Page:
The point is not to say that the Nuffield Department of Medicine did this single-handedly. Universities around the UK and the world have been hugely involved in the fight against Covid — Todd mentions UCL and Edinburgh, and many others did great work. But it is worth noting that there was a particular concentration of expertise in the NDM at that point early last year, and that single, emergency meeting allowed it to spot the problem early on, and, by the most conservative of estimates, to help save millions of lives.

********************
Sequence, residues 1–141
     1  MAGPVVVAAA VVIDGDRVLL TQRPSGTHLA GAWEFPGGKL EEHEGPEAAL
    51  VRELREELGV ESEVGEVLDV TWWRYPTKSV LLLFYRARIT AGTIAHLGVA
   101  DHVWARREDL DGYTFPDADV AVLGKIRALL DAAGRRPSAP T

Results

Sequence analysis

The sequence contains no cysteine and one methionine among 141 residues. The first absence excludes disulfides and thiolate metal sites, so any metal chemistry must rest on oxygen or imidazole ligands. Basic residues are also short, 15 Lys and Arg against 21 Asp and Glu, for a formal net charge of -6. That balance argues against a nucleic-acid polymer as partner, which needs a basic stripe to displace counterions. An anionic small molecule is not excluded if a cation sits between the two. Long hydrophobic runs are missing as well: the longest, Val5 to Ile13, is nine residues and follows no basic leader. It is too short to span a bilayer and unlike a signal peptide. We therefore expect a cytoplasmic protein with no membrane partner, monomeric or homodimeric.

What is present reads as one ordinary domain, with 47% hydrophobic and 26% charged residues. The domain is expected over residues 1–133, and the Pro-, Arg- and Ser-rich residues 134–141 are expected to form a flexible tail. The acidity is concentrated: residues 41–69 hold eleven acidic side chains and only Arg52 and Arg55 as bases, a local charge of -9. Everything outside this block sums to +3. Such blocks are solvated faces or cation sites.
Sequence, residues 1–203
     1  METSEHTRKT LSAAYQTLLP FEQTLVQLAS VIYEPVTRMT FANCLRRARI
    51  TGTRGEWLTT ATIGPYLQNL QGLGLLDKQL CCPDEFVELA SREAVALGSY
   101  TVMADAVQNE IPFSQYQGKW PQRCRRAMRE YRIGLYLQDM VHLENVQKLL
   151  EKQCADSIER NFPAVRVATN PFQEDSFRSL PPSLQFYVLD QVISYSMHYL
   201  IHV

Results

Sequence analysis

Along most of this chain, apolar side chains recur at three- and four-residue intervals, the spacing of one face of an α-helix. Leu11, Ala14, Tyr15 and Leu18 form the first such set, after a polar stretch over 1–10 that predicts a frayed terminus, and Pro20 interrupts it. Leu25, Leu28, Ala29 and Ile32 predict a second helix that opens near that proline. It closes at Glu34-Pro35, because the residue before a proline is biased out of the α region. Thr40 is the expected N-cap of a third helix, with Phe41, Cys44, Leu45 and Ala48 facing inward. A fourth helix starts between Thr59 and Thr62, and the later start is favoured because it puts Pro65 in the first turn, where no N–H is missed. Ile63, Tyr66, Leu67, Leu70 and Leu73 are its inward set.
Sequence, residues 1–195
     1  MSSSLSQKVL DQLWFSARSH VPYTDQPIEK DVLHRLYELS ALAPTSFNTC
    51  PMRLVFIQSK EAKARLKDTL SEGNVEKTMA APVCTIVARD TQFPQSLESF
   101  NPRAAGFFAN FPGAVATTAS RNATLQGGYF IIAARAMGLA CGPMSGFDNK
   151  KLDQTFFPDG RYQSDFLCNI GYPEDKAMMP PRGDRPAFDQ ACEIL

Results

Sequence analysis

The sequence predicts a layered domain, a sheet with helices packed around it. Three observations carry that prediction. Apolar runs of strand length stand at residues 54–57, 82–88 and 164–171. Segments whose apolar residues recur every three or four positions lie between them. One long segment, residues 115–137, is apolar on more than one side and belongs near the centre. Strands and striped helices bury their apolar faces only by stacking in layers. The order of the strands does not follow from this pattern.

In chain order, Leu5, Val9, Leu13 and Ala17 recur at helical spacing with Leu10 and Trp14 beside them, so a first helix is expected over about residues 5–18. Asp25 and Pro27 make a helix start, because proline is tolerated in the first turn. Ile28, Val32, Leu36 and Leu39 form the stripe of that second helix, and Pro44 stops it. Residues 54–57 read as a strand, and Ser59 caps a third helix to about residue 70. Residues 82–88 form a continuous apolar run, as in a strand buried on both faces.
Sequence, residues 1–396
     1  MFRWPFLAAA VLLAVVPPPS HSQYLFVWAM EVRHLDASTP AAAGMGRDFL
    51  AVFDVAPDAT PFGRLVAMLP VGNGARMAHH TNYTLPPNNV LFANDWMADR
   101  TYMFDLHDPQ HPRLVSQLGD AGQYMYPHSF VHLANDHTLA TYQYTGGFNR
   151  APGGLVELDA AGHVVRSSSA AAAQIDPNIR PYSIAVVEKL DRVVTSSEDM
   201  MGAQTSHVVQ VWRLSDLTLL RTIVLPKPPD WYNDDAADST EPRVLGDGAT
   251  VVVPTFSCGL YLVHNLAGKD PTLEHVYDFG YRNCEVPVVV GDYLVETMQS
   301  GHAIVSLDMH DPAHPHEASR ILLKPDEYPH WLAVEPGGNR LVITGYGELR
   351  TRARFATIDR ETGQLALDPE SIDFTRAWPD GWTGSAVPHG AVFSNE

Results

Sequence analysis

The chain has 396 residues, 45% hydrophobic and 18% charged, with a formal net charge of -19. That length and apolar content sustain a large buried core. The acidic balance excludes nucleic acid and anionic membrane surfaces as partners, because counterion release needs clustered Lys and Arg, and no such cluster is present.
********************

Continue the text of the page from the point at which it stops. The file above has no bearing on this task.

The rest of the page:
Join the discussion


  • When I read of these kinds of unknown, vast, organizations, I hope they are the good guys working ethically and morally to make things better for humanity….. But my mind always flashes images of old James Bond Movies, and underground labs with white coated scientists running around with clipboards as seconds tick by….
    Bill Gates stroking a white Persian cat….

  • Yes catchy title, but I wonder how they arrived at ‘saved millions of lives’.

  • By comparing modeled counterfactuals to reported data, but neither have sound foundations, so in the end it’s all meaningless. They might have saved millions of lives or they might have hardly any. Dumpster diving through research papers is a constant exercise in face-palming. People will still be arguing about it a century from now, probably without getting any closer to an answer.